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Posted by on Aug 25, 2008 in Bicycle Culture | 5 comments

I’m angry again

This time it’s about the cab in Miami plowing into a group of cyclists. It happened on a causeway that has four lanes in each direction. The speed limit is 50 MPH. The group was taking up the rightmost lane at 8 AM on a Sunday morning. No traffic to speak of at that hour.

So first the news that it happened comes out at 11 AM in the Miami Herald. The nastiness and the vitriol from tha anti-bike bunch must be read to be appreciated and at least half the posts were deleted by the paper, so your imagination will have to be your guide here:

The paper updates the story later because the driver admits he fell asleep at the wheel.

And then Spokes’N Folks posts something called: Road design contributed to causeway accident to which I just had to respond. You can read it there.

I don’t know how we can engineer our way out of people driving when they are sleepy, but the Spokes ‘N Folks people do, the answer in this case is to extend the breakdown lane so that decent folks, like cyclists can use it. That way, all will be well.

5 Comments

  1. A note about the newspaper comment section:
    It attracts insignificant, small-minded hate-mongers because it provides them an audience. Unless you’re looking to be needlessly pissed off, stop reading at the end of the newspaper article and move on. There’s nothing of value to see there.

    Regarding Spokes…
    I like your comment. People need to see this for what it is—an act of gross negligence. The victims happened to be cyclists. If there is a larger issue it is traffic justice—discouraging inattentive and irresponsible driving through REAL consequences. It ain’t an infrastructure problem.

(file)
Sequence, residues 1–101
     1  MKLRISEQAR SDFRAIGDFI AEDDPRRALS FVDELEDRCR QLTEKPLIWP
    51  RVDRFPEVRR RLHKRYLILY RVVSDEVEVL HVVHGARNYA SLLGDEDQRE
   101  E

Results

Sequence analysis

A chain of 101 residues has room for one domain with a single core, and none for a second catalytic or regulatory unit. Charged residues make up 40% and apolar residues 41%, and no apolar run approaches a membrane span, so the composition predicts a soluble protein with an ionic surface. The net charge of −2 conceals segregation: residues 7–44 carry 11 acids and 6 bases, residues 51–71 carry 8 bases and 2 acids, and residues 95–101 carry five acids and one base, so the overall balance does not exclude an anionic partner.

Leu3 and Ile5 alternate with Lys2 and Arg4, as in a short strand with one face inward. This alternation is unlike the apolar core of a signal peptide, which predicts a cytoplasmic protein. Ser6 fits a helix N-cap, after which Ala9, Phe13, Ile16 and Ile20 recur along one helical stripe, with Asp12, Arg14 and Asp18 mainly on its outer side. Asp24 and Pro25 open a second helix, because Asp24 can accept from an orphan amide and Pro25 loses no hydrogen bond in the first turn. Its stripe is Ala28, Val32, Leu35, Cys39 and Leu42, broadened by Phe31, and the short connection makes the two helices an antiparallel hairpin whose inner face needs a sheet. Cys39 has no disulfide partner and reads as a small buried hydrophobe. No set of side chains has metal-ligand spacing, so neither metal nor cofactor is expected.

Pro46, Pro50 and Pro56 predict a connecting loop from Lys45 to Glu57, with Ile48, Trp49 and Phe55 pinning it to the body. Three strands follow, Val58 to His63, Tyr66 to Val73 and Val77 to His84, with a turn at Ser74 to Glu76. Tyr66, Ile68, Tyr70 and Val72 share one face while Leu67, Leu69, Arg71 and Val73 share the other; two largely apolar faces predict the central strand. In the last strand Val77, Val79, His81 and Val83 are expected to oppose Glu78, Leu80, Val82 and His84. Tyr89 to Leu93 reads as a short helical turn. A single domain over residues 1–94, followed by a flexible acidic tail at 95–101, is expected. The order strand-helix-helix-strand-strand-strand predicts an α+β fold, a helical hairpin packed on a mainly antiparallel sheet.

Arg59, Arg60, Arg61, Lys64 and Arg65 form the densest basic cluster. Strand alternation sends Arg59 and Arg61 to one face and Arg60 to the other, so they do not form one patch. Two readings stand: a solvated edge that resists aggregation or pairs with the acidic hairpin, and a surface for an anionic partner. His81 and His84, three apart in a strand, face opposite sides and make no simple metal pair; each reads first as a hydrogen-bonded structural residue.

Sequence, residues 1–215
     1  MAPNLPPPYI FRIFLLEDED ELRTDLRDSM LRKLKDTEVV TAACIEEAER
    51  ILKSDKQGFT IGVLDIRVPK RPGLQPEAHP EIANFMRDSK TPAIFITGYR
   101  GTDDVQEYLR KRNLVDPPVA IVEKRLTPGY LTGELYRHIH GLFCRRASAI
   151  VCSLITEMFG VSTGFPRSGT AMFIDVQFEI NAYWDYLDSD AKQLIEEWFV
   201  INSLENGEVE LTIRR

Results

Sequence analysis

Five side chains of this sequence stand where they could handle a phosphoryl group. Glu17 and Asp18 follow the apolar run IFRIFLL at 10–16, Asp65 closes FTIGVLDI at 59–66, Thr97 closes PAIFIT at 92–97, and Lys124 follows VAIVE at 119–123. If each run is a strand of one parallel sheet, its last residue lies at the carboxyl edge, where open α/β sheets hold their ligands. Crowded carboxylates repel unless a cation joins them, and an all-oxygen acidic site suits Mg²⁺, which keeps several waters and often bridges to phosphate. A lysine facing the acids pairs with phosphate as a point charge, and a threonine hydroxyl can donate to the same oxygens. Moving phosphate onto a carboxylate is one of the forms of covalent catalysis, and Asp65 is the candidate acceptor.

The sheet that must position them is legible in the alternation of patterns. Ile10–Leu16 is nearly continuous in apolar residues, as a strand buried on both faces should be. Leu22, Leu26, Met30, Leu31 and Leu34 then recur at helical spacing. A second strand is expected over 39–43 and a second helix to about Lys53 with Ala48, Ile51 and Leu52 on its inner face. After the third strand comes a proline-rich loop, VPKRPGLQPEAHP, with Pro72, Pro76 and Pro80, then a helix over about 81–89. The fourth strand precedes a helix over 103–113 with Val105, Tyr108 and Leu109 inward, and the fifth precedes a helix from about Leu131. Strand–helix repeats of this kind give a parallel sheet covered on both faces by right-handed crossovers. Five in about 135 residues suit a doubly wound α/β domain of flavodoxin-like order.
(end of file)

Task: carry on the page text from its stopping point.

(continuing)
IMO, the cyclists shouldn’t have been riding in the breakdown lane to begin with. When motorists expect the cyclist(s) to be or stay in the shoulder, they remain inattentive and careless even after registering the cyclist(s) presence. Cyclists should assert themselves in the lane to begin with. That might not have prevented this crash, but it does make cyclists lives a lot easier. If more cyclists did that and it became the expectation that this is the proper thing to do, motorists might become more attentive to the roadway environment instead of just thinking they can put it on auto-pilot and sleep all the way home.

  2. What gets me is this gem from the post:
    “Meanwhile, everybody, put a mirror on your helmet or handlebars, learn to use it — and limber up your neck to look behind.”

    I don’t use a mirror, but I can imagine what I would have seen if I did and was in this situation. First, I would have had to be studying the rear which means that I wouldn’t be watching where I was going. Then, I would see a car coming up behind me. Hey! The car doesn’t look like it is going to stop or change lanes! What do I do?

    Do I try to jump or climb over the wall of the causeway, into the water where I dogpaddle for an hour waiting for the Coast Guard to fish me out?

    Or do I quickly shift into the faster lane, hoping that the driver doesn’t see the gang at the last moment and do the same?

    These are absurd choices. So I can only assume that the people that love mirrors do so because they bail off the road a lot and as they are standing in the ditch with their bent wheel, they say, “Whew! That was a close one. Good thing I had that mirror or I would be dead.” Which makes them bail even quicker next time. They sure must go through a lot of wheels that way.